New journal Multifunctional Materials publishes its inaugural issue

29 Aug 2018 Simon Davies

Multifunctional Materials, a journal serving an emerging field at the convergence of materials science, physics, chemistry, bioscience, and engineering, publishes its first issue this week.

The design and manufacture of materials capable of multiple functions – so called “multifunctional” materials – has emerged as a rapidly growing area in materials science.

It is characterised by multidisciplinary research, and the potential for wide-ranging innovation covering areas such as energy, environmental sustainability, healthcare, aerospace, nanoelectronics, soft robotics and semiconductors.

In the first issue of Multifunctional Materials, Trevor Buckner and Dr Rebecca Kramer-Bottiglio from Yale University, USA, review how functional fibres could be used in soft robotics.

They examine the possibilities of robotic wearable fabrics, object manipulation, and self-reconfiguration. They predict a future where rolls of commercially available robotic fabrics could be bought by the yard, and easily programmed to meet the demands of variable tasks and environments.

They also suggest the possibility of self-reconfigurable “origami”-inspired machinery, which can be crumpled and stowed for compact storage, and consumer clothing that actively adjusts itself and assists the wearer beyond being a simple covering.

Elsewhere in the issue:

  • a team from ESPCI Paris and the Paul Pascal Research Centre look at how electrostrictive materials can be used to harvest vibrational energy;
  • a multi-institutional team report on the graphitic microstructure and performance of carbon fibre Li-ion structural battery electrodes;
  • authors from the Georgia Institute of Technology, Atlanta, Peking University, and the Beijing Institute of Technology propose using a 3D grayscale printing method to create  reversible  self-folding  structures;
  • Professor Salvatore Torquato and Dr Duyu Chen from Princeton University, New Jersey, explain how they identified ordered and disordered hyperuniform low-weight cellular networks with multifunctional transport, mechanical and electromagnetic properties.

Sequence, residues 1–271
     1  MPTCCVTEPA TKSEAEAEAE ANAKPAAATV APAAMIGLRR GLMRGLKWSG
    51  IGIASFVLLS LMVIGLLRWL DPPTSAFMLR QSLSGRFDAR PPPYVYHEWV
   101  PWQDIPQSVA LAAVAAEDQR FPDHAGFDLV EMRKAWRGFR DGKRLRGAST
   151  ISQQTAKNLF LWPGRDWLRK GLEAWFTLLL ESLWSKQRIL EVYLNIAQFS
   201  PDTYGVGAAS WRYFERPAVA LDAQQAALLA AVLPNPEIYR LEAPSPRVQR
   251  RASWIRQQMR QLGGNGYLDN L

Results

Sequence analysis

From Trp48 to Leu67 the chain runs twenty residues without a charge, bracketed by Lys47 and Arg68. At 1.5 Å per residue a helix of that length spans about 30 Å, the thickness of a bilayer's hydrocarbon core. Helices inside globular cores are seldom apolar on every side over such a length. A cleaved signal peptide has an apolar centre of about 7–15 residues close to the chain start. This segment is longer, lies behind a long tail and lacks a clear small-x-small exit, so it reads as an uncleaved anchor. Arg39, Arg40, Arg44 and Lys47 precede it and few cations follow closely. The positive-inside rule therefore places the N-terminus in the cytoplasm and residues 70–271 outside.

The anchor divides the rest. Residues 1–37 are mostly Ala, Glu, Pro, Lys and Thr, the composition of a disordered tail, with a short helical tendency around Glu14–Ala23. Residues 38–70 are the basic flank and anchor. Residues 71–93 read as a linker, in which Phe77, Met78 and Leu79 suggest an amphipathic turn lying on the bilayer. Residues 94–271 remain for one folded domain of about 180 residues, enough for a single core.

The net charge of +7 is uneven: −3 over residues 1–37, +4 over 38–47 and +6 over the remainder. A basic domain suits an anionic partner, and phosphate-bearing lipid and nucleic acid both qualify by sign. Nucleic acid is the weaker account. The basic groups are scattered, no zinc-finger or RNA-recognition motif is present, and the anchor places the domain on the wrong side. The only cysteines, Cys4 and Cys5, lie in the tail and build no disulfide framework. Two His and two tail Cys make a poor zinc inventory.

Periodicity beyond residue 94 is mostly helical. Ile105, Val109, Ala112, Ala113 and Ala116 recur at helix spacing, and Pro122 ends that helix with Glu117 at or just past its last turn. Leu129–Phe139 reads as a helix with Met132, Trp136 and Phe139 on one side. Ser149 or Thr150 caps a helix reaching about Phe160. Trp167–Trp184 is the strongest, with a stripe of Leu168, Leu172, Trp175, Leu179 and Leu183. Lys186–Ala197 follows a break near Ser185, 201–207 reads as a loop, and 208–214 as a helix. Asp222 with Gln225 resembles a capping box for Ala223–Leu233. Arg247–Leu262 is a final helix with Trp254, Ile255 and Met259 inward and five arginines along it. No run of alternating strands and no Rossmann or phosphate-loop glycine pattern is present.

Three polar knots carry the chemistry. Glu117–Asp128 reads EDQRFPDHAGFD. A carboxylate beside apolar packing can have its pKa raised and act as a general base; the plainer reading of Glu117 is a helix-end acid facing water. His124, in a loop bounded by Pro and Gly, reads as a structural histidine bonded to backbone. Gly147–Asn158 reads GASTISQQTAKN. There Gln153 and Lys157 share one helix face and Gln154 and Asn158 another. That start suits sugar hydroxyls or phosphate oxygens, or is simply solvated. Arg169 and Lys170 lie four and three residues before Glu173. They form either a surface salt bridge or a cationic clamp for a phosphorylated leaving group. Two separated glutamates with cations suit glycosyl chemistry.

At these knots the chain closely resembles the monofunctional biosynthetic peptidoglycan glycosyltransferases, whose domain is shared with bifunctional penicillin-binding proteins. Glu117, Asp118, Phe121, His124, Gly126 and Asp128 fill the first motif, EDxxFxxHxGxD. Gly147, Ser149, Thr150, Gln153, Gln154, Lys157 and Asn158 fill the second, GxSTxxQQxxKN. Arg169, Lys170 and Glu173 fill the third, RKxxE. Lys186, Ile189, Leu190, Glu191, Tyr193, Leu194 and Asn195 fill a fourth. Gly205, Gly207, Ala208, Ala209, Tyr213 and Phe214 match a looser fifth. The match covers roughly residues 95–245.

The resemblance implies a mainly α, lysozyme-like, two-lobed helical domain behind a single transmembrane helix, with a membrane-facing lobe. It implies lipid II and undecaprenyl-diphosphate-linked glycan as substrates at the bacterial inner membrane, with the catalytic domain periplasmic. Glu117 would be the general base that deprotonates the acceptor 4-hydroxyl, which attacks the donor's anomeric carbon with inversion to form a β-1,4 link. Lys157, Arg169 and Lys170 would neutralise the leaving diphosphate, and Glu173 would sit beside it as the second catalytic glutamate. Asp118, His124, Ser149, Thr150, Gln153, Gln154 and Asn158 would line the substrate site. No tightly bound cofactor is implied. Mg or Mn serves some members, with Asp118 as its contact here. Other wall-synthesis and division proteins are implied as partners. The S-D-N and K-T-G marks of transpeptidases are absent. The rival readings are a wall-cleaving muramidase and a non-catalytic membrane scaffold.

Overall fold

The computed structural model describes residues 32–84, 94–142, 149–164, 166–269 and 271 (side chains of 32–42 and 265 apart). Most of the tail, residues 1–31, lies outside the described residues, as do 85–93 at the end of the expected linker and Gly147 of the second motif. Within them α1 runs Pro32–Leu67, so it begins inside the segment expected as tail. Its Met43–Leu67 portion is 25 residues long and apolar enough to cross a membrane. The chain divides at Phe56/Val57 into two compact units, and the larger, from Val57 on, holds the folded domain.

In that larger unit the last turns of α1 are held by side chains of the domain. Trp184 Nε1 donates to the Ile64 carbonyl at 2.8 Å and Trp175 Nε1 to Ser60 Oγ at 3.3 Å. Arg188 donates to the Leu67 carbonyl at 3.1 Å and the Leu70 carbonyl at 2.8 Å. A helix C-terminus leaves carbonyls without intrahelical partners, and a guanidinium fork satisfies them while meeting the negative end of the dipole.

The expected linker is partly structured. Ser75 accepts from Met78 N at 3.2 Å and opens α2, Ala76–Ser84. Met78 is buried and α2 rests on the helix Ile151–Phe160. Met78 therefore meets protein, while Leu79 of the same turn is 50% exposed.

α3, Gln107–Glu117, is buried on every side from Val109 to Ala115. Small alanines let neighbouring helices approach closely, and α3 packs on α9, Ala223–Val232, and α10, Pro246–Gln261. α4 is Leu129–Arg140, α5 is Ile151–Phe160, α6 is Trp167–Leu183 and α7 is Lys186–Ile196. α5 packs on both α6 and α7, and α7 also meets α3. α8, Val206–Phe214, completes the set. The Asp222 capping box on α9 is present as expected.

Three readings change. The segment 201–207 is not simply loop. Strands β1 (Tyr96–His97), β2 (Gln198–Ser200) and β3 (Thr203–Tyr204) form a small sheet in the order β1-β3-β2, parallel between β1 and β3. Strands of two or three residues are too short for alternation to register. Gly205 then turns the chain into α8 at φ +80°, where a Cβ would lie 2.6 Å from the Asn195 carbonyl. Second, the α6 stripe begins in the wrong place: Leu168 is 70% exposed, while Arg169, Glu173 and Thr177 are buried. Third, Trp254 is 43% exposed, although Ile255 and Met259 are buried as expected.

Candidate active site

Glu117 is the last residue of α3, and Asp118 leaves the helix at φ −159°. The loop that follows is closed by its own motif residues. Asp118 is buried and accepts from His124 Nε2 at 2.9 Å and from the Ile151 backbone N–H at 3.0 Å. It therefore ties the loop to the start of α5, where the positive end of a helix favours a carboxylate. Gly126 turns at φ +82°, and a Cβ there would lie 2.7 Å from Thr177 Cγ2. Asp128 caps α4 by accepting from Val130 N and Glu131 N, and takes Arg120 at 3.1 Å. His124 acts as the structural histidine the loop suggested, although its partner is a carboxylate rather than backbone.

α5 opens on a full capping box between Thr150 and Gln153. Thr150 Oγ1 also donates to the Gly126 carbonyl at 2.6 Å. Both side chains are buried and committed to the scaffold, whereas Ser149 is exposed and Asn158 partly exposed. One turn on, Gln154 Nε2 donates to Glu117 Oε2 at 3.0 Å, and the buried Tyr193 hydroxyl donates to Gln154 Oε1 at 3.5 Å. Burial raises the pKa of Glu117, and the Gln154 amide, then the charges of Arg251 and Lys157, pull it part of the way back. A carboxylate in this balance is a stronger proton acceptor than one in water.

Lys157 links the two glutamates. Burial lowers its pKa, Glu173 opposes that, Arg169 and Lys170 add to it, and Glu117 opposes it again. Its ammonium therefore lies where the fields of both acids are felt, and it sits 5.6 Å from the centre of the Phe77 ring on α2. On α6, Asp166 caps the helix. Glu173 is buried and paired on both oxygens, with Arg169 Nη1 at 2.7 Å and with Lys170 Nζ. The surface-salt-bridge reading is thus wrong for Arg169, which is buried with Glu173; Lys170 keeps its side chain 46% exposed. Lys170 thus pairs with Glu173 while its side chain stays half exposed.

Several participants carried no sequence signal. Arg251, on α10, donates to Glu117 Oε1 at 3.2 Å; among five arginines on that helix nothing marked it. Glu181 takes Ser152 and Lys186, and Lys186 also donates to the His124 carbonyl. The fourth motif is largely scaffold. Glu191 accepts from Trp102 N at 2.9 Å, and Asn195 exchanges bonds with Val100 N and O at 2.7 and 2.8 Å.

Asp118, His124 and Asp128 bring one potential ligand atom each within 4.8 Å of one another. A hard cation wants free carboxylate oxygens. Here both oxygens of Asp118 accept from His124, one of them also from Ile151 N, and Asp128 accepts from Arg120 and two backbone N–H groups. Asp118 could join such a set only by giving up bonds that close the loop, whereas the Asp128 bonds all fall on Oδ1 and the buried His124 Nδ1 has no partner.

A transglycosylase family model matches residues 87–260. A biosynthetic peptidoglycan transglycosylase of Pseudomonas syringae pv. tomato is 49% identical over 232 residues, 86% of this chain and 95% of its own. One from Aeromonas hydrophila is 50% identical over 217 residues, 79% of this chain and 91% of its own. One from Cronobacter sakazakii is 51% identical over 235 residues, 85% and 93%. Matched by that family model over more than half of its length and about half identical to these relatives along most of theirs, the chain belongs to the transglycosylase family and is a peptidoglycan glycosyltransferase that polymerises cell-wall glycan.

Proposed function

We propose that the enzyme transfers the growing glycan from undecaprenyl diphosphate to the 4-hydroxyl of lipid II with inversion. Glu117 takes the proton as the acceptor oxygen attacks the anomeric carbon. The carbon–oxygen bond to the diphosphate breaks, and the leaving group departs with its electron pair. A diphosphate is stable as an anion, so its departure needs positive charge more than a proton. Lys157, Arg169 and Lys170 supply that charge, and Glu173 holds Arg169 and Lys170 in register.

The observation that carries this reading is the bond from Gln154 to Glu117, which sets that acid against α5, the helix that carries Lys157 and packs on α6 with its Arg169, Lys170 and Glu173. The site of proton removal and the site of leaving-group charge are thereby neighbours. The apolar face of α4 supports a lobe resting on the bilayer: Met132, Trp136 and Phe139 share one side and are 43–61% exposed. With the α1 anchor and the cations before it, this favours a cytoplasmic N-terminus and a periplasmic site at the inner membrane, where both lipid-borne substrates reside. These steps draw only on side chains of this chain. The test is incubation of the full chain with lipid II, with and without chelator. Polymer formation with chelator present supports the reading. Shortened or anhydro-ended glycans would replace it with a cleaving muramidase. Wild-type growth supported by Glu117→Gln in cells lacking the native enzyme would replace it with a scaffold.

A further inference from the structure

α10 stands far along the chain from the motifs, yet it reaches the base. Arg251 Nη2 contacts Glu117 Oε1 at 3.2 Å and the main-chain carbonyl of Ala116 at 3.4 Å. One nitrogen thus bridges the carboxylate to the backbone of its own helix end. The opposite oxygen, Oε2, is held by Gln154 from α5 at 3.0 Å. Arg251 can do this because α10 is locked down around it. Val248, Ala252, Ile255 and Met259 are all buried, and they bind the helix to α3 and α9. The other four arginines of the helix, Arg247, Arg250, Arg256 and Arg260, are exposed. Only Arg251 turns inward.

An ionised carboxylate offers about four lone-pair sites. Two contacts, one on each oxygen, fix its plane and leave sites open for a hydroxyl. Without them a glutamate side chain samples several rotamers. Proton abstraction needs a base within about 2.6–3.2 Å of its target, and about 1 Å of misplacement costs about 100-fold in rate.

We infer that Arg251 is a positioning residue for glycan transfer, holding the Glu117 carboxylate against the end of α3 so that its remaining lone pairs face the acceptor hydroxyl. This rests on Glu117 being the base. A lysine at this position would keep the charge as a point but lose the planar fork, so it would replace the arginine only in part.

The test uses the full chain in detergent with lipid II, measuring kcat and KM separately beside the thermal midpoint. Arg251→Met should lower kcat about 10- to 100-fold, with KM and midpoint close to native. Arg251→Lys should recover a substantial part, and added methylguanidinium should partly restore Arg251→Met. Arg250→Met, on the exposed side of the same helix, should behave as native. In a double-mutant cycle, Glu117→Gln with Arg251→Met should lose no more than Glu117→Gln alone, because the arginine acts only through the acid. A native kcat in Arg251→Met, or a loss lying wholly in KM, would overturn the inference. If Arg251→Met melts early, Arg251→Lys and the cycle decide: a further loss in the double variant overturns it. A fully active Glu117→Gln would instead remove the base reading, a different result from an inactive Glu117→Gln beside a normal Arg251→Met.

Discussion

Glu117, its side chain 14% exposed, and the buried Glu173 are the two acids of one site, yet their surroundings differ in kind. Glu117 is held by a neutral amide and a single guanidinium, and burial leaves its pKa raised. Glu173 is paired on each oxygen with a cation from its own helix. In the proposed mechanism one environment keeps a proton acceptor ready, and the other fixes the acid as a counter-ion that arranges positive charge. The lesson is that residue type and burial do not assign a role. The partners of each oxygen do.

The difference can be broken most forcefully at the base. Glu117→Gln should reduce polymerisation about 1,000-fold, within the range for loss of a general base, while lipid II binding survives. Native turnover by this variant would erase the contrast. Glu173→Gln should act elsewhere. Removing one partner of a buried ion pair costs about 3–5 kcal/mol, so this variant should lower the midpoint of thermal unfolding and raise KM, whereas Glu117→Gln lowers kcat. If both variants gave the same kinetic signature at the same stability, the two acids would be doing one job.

Multifunctional Materials is led by two editors-in-chief: Andreas Lendlein, Director of the Institute of Biomaterial Science at the Helmholtz-Zentrum Geesthacht Centre for Materials and Coastal Research and Professor for Materials in Life Sciences at Potsdam University, and Richard Trask, Chair in Advanced Materials at the Bristol Composites Institute (ACCIS) and a Professor in the Department of Aerospace Engineering at the University of Bristol.

Professor Trask and Professor Lendlein said: “The design and realisation of next-generation materials with multifunctional capability is of great scientific and technological interest. It is an endeavour that now unites a truly multidisciplinary research community extending across both academia and industry.

“Multifunctional Materials is being shaped as a strictly high impact journal that will bring together all aspects of the field, and in doing so bridge the materials and systems communities involved with multifunctional design.

Dr Tim Smith, Associate Director at IOP Publishing, said: “ “We are very excited about the launch of what represents another major addition to IOP’s materials science portfolio, and one that will further extend our publishing profile to an exciting and rapidly emerging new area.

“Our ambitions for Multifunctional Materials are high, and a priority will be to develop the journal’s content, delivery and services in close consultation with the community to ensure it meets the evolving needs of all aspects of the field.”

The journal aims to cover:

  • The design and manufacture of programmed materials for multifunctionality, morphing and adaptivity;
  • “Meta-materials” designed and created through current chemistry or synthetic biology;
  • Multifunctional materials designed with capabilities of intelligent systems, such as sensing and self-diagnosis;
  • Characterisation methods for functions, multiscale modelling and computational materials engineering;
  • Novel applications of functional multi-materials.

Multifunctional Materials is free to read for individual users, universities, and academic research institutes throughout 2018.